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FCA boss Nikhil Rathi demands crackdown on scams

FCA boss demands crackdown on internet scams as ministers face growing backlash over new online safety laws

The City watchdog has called for an urgent crackdown on rampant internet scams that are swindling savers and pensioners.

Nikhil Rathi, chief executive of the Financial Conduct Authority, warned that fraudsters are luring victims by advertising sham investment schemes online with impunity.

But he said laws proposed by ministers fail to address the problem and urged them to go further.

Crackdown: Nikhil Rathi, chief executive of the Financial Conduct Authority, said fraudsters are luring victims by advertising sham investment schemes with impunity online

The draft Online Safety Bill was unveiled this week but will only tackle fraudulent investment schemes posted by users on social media – leaving out the avalanche of scams being spread through digital ads and websites.

Rathi’s comments echo calls by the Mail and industry groups for online financial scams to be tackled properly by the legislation, by making web giants legally responsible for blocking and removing them.

And it comes as new figures reveal that 96 per cent of investment scams now originate online.

Rathi (pictured) stressed that dealing with scams posted by social media users ‘only captures part of the issue’ and that the Government needs to address digital ads as well.

He told MPs on the Treasury Committee: ‘Online advertising, which is where the fees are generated by the platforms, needs to be looked at very closely as well.

‘It is the adverts that are persuading some of these vulnerable customers to go after high-risk investments and, indeed, scams.

‘People are looking for returns on their money and are tempted by all kinds of opportunities that are presented to them. We would like the Online Safety Bill extended to online advertising.’

The warning is the strongest intervention yet from the City watchdog over the issue.

Rathi warns over working from home speculative trading boom 

Youngsters stuck at home during the pandemic are piling money into dicey assets for ‘entertainment as much as investment’, the City watchdog boss has warned.

Nikhil Rathi, chief executive of the Financial Conduct Authority, said people working from home or on furlough were driving a rise in ‘speculative trading’.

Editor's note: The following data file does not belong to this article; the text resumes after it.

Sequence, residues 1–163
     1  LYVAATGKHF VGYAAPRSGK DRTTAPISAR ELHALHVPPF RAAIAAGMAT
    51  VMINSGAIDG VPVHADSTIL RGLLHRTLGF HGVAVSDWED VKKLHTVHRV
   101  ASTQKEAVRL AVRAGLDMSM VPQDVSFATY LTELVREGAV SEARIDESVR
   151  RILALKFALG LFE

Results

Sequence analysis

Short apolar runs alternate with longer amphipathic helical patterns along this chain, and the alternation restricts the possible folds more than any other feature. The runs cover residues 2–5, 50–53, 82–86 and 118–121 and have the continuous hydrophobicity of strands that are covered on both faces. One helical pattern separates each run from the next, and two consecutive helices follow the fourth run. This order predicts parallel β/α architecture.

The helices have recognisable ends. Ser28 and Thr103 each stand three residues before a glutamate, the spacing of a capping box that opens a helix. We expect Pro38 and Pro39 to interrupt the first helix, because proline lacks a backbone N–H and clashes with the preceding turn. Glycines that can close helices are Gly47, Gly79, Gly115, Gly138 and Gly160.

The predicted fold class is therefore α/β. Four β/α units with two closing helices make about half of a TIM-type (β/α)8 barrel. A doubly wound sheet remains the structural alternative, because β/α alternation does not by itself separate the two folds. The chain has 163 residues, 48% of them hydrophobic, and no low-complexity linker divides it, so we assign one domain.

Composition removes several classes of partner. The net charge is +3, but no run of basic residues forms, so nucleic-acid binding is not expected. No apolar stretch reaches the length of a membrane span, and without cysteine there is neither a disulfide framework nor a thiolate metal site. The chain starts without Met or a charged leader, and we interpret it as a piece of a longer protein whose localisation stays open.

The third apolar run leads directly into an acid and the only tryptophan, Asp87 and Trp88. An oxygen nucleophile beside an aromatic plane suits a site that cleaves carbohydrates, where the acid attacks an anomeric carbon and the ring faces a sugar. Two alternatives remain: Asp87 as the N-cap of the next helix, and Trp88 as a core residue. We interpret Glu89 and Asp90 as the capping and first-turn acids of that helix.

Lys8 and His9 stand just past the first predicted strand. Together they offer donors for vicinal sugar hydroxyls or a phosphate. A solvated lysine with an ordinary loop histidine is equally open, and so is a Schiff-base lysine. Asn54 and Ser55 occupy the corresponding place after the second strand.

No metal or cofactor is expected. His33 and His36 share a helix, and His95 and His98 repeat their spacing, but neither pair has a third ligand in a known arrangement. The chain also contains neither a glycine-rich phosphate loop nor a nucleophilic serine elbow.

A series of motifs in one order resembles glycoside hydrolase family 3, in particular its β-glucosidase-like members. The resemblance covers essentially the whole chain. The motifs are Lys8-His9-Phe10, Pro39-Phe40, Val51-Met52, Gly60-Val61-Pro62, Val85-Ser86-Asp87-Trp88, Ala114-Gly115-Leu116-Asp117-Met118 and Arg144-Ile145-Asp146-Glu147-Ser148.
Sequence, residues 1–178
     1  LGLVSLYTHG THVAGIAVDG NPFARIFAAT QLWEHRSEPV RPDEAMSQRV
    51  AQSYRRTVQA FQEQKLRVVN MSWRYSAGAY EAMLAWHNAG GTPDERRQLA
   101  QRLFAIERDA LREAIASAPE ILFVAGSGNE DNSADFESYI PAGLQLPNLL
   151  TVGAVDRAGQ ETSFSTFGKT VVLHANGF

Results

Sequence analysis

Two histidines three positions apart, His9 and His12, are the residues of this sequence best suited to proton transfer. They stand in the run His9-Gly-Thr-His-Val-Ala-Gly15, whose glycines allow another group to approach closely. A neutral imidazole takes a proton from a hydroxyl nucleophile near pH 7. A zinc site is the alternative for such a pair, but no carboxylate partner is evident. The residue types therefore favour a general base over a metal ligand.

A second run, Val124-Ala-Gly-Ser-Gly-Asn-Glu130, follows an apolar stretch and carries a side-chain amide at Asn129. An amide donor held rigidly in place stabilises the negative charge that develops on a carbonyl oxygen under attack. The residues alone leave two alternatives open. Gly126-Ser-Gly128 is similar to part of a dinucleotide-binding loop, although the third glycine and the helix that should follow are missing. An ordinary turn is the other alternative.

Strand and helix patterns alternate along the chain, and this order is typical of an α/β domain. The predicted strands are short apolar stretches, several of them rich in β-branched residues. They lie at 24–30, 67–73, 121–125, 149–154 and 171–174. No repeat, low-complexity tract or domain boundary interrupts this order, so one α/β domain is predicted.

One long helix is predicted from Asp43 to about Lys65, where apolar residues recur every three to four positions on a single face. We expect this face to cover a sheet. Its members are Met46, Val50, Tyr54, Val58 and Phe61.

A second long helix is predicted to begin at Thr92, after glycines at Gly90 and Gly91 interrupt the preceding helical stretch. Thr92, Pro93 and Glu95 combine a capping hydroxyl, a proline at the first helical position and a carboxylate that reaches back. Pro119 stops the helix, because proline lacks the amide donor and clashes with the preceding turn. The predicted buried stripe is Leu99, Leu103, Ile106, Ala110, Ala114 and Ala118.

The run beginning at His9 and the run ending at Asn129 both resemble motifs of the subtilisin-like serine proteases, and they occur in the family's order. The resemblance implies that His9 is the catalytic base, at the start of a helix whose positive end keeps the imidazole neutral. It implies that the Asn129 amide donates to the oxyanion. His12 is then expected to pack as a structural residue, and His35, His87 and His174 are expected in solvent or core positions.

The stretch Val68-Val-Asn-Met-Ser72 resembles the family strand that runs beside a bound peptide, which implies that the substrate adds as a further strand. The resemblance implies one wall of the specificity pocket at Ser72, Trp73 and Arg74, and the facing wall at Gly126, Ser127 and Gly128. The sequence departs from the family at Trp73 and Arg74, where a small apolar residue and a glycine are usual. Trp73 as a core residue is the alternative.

Many did not understand that by buying cryptocurrencies such as bitcoin or social media-hyped stocks such as Game Stop they were ‘putting very significant amounts of their money at risk’.

Rathi told MPs on the Treasury Committee that more must be done to educate consumers about risks and protect them from harm. 

He said: ‘We are seeing – and we’ve put warnings out around this – a very sharp increase, maybe as a result of people being at home during the pandemic, in highly speculative trading activity, including young people speculating on cryptocurrencies or on US stocks like Game Stop.

‘And [they are] not really understanding that in doing that they are putting very significant amounts at risk and to some extent perceiving that it is entertainment as much as investment.’

Rathi said the FCA was trying to boost awareness through warnings and advice, and urged the Government to legislate to make web giants more responsible for adverts, and force investment firms to run improved checks on how knowledgeable clients are. 

As previously revealed by the Mail, the FCA is spending nearly £600,000 per year on Google adverts to warn consumers about investment scams.

But it is locked in a battle with fraudsters who are also spending millions on adverts, while Google makes money from both sides.

Google insists it is taking measures to ‘tackle the scale of this increasing issue’, including joining a task force set up by banks to exchange information quickly. 

But critics say that these voluntary efforts do not go far enough and are calling for the firm and Facebook, the other major digital advertising provider, to be given a legal responsibility for rooting out investment scams from their platforms.

Our Stamp Out Investment Fraud campaign demands that ministers make this part of the Online Safety Bill and is backed by Britain’s biggest banks, insurers and wealth managers.

UK Finance, which represents banks and is supporting the campaign, warned that the vast majority of financial scams now originated online.

This includes a shocking 96 per cent of investment fraud. And UK Finance boss David Postings warned that the proceeds of the ‘devastating’ scams were being used to fund organised crimes like terrorism, drug trafficking and child sexual exploitation.

He added: ‘The banking and finance industry is continuing to tackle fraud on all fronts, but there is a limit to what we can do alone.

‘We’re pleased that the upcoming Online Safety Bill will tackle some aspects of fraud but it won’t protect people from all fraud that takes place online.

‘This leaves a large proportion of the public at high risk of being scammed online, because criminals are experts in adapting their tactics to exploit any loopholes.’

Read more at DailyMail.co.uk